When drinking in Japan, it’s considered polite to fill the glasses of everyone else and not yours. You are supposed to wait for someone to pour a drink in the glass, normally after you doing the same thing for them. When you fill the glass of your companion, don’t be surprised if they refuse. This indicates traditional Japanese humbleness or a form of formality. Unless someone is repeatedly and fervently refusing you to pour a drink on them, they are only being polite and you must pour them a drink anyway.

And as mentioned earlier, when you fill your companion’s glass, they will normally do the same thing and pour you a drink. So, be careful if you want to stop drinking already, be careful in filling out your friend’s glass and again, you can always leave the glass half full to indicate that you no longer want to drink.

​Partying Like a Local in Japan

japan salary men

It is also pretty common for locals in Japan to party way late when it involves drinking. It’s common for many salary men to stay out very late with their bosses and coworkers. So, don’t be surprised to see them sleeping on the train. Many of them spend a short at home before they have to leave to return to work in the morning only to do the same thing over and over again. It doesn’t matter whether it is weekdays or not.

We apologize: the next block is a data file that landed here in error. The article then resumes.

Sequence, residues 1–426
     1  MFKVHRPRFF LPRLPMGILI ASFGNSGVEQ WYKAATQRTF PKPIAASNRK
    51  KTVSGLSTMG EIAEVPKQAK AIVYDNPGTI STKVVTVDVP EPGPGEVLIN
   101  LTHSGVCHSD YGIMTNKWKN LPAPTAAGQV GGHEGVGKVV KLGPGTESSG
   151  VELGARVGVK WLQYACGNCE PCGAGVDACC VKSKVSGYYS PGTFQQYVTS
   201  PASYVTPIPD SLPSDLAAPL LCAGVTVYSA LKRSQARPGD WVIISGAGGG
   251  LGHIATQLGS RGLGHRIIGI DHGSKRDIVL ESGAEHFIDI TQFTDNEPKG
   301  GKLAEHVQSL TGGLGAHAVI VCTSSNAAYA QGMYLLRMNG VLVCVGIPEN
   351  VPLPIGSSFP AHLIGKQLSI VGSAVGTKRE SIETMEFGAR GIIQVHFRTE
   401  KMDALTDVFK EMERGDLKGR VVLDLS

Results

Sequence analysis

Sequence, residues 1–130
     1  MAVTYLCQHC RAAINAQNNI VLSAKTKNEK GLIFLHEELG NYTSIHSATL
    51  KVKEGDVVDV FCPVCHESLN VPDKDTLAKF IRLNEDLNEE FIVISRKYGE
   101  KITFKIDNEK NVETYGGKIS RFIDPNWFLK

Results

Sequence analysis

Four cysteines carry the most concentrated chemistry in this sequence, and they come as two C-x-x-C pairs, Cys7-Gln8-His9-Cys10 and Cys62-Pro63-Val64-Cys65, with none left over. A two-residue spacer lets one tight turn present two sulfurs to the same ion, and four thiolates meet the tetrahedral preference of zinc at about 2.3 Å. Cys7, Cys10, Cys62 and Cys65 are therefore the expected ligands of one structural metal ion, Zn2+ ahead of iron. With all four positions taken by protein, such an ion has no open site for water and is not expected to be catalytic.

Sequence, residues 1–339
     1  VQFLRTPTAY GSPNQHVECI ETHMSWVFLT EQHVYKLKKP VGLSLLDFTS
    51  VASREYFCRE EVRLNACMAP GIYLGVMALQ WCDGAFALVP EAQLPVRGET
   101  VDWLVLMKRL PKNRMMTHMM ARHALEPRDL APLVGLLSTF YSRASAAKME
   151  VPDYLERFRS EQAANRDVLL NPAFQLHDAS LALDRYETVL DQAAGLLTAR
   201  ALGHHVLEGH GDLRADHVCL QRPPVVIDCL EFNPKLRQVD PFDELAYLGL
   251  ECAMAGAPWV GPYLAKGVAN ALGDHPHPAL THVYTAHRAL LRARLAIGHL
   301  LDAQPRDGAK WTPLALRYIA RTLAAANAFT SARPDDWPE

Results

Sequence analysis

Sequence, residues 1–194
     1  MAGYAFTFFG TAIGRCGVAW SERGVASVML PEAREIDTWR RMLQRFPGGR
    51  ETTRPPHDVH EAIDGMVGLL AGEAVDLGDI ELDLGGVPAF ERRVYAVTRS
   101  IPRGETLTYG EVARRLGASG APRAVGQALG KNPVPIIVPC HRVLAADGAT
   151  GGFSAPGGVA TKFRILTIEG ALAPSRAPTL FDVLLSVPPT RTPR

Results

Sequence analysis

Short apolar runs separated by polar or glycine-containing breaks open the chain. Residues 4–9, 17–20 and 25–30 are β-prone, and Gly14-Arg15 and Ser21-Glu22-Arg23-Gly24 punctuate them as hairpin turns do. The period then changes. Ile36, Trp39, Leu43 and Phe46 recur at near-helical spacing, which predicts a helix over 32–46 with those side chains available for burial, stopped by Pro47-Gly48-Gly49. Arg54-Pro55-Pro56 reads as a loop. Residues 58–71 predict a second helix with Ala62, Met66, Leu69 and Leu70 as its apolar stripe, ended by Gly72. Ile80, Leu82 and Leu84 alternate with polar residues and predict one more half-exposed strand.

The bottom line is that you have to be ready to stay out later than you would are probably used to when if you really want to experience the nightlife and local scene in Japan. Of course, this should depend on the people you are going out with and what kind of people they are, but it is definitely not rare to be out on a very late night when having some nice drink at night.

japan night life

Considering that you are in legal drinking age in Japan, and you actually enjoy drinking, you will be happy to know that the night scene in Land of the Rising Sun is one of the best in the world. By knowing some tips and important information, you are just a step away from having some of the best travel experiences you will ever have.

Hopefully, this article has been helpful for you and if you enjoy this article, then browse through our blog to read more other helpful travel tips. Also, don’t forget to share this with your friends on social media! If you have other questions or any tips we forgot to add in this content, let us know in the comment below!

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About the Author

Hi, I’m Alice Ross, a long-term traveler who left the corporate world to travel the world. I chose to live life on my own phase and live day by day while immersing myself in new experiences, new knowledge, and new people in a different walk of life I met along the way.